A Walk in the Countryside of Oyama District – Part 3

The Kanegasaka Tunnels

After checking out the Otte temple area, a hike further up the road brings us to the three tunnels that pass under Mount Gold.

This itself is an unusual feature, as in most places you will find an older narrow pre-powered vehicle tunnel and a modern, wider tunnel, usually situated further down the mountain as technology and design has enabled the building of longer tunnels that can support the increased weight of the mountain above.


In this case, the newest tunnel (a.k.a. Heisei tunnel) which is 1012m long, was opened in 2005. The construction commenced in 2001 and was completed in 2005.


Above and to the north of the new tunnel lies the shorter (455m), Showa tunnel. Construction was started in 1965 and completed in 1967. It’s now closed to the public and the access road stops just before the tunnel entrance.


Going through a white gate at the junction of R138 and the tunnel road, then hiking uphill from there is an approx. 300m walk up the old original road that leads to the entrance of the first tunnel(a.k.a. Meiji tunnel). This tunnel was built in 1883, it is 3m wide and 268m long. Approximately 280,000 bricks were used in its construction. It cost 40,000yen to build back then. It is the oldest brick stacking style tunnel in Japan and 5th oldest existing road tunnel in Japan.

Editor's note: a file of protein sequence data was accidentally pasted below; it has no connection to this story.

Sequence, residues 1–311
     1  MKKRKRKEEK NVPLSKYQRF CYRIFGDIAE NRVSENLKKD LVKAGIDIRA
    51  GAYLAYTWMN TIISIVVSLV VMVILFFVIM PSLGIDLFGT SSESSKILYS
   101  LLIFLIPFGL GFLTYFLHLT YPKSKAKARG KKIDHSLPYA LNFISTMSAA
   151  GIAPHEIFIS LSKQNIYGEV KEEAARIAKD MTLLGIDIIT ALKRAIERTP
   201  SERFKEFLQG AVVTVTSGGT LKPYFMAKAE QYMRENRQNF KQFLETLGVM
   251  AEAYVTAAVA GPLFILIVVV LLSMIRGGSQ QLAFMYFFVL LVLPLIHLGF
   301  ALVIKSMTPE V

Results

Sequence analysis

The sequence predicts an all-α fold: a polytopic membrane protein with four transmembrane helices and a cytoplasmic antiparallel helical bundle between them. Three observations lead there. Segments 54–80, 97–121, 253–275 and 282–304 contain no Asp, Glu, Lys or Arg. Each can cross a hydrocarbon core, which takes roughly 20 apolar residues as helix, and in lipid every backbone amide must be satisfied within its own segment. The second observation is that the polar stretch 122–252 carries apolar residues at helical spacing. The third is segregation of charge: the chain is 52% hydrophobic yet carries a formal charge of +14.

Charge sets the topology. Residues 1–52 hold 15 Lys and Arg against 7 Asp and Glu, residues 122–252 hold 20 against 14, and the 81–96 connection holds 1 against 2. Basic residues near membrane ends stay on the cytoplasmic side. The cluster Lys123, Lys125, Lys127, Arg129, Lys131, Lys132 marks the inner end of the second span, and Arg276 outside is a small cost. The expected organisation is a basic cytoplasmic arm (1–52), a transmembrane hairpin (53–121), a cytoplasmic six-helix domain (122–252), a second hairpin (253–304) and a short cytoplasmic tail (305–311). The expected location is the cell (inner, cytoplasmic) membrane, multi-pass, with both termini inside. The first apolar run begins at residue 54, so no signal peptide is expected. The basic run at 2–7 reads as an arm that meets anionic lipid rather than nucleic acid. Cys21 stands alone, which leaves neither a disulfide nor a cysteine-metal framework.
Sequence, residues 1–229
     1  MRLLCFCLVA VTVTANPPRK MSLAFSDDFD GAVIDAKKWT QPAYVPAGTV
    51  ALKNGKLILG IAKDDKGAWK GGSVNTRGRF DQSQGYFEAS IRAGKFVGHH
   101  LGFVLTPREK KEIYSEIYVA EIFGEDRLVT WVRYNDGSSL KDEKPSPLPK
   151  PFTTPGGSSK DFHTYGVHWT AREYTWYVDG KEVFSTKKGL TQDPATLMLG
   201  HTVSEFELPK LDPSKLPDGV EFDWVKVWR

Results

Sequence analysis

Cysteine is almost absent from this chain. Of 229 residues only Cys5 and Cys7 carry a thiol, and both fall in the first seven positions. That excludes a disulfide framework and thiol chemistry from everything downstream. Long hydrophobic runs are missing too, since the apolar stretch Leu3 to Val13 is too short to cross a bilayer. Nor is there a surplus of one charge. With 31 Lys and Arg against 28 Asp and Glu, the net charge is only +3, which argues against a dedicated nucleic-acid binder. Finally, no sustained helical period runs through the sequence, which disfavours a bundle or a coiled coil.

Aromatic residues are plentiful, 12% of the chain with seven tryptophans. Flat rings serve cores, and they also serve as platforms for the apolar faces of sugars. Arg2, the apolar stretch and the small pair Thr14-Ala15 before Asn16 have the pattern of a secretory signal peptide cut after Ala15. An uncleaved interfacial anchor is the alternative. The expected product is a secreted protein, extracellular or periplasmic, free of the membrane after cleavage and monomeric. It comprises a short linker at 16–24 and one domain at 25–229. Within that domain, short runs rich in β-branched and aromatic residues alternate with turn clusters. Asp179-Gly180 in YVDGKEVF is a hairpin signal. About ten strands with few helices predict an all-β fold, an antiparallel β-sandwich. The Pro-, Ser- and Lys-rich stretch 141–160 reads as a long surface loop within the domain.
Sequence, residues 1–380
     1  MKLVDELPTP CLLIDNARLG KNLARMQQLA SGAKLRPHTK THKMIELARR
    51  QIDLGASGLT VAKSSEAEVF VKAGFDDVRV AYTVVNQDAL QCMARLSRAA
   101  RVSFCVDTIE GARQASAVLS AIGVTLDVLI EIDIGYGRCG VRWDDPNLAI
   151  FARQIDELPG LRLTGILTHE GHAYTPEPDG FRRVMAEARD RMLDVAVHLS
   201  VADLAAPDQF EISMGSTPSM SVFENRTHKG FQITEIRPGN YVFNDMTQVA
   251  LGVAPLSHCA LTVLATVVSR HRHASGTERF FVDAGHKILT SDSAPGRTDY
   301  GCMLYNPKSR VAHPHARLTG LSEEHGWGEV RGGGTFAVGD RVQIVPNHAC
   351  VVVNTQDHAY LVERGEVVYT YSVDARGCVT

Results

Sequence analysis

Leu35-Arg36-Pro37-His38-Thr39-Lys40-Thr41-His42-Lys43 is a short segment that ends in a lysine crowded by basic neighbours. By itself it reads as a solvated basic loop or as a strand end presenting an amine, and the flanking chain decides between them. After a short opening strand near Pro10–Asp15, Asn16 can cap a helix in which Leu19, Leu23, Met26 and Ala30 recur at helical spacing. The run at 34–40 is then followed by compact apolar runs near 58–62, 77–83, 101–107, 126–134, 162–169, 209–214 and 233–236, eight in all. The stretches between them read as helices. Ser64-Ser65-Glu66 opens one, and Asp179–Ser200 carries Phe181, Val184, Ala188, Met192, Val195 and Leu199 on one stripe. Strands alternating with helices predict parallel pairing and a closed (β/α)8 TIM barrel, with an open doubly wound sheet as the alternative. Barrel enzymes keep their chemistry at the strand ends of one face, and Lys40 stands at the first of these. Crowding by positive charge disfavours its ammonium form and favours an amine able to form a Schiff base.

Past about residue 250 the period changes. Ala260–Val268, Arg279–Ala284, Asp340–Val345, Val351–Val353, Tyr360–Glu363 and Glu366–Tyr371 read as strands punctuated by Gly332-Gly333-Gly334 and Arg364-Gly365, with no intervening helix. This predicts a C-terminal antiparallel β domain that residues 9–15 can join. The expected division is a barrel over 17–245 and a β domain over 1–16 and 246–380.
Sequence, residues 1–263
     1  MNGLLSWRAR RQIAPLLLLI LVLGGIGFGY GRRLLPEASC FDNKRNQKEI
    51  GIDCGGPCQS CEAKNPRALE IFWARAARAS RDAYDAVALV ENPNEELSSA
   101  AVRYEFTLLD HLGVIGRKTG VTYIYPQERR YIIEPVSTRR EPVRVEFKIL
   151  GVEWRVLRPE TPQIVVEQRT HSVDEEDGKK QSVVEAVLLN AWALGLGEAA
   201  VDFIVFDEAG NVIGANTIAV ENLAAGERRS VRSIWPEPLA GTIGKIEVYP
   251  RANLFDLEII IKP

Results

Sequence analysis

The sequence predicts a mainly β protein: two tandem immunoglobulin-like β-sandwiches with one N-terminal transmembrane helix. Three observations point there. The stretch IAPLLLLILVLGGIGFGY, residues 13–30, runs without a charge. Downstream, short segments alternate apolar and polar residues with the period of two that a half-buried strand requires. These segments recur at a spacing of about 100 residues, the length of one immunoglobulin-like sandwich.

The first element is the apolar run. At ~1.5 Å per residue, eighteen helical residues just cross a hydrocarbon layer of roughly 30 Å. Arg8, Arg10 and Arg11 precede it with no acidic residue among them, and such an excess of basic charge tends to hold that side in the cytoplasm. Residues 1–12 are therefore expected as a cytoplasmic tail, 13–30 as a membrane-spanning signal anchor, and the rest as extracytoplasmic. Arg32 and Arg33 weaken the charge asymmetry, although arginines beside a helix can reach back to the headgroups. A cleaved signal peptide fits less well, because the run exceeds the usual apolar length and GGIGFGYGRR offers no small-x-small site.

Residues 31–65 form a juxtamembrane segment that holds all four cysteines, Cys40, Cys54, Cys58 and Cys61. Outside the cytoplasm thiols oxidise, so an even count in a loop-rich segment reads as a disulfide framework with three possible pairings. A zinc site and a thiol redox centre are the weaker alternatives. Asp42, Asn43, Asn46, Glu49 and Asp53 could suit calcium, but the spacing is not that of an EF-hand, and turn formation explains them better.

It is made in a very similar style to early English canal and railway tunnels, that were built around the same time period.

Although the first Meiji tunnel is usually closed to the public, during spring and autumn they sometimes have opening days, when the tunnel is light up on one side with handmade electric lanterns. At those times you can walk through the tunnel and enjoy the mysterious atmosphere created by the lanterns and imagine a little of life in days gone by, when the tunnel was a daily passage way for many people.

Life in the Meiji Period

It seems amazing to me that almost two centuries ago, venders would have pushed their handcarts up the mountain from Tamba Sasayama, and make their way through the tunnel probably by candle or lantern light, then, descended down the mountain on the Tamba city side, to sell their wares. Having spent a busy day getting this far they then made the reverse trip all the way back to Sasayama! That took a lot of strength and energy, yet it was all in a day’s work!! I have to admire the work ethic of people back then, when the majority of things in life were people powered and not very ‘convenient’.



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